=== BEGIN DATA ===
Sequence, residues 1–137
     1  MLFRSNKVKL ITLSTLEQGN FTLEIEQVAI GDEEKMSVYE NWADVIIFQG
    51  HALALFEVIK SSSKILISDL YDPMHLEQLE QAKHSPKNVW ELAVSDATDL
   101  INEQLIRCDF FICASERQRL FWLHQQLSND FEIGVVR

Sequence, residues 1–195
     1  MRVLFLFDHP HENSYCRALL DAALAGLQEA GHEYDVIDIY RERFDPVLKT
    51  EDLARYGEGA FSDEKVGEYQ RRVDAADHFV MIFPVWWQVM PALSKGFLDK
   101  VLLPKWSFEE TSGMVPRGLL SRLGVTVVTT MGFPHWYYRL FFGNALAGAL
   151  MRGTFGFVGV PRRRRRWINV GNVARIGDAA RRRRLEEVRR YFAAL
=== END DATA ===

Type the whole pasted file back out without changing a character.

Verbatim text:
Sequence, residues 1–137
     1  MLFRSNKVKL ITLSTLEQGN FTLEIEQVAI GDEEKMSVYE NWADVIIFQG
    51  HALALFEVIK SSSKILISDL YDPMHLEQLE QAKHSPKNVW ELAVSDATDL
   101  INEQLIRCDF FICASERQRL FWLHQQLSND FEIGVVR

Sequence, residues 1–195
     1  MRVLFLFDHP HENSYCRALL DAALAGLQEA GHEYDVIDIY RERFDPVLKT
    51  EDLARYGEGA FSDEKVGEYQ RRVDAADHFV MIFPVWWQVM PALSKGFLDK
   101  VLLPKWSFEE TSGMVPRGLL SRLGVTVVTT MGFPHWYYRL FFGNALAGAL
   151  MRGTFGFVGV PRRRRRWINV GNVARIGDAA RRRRLEEVRR YFAAL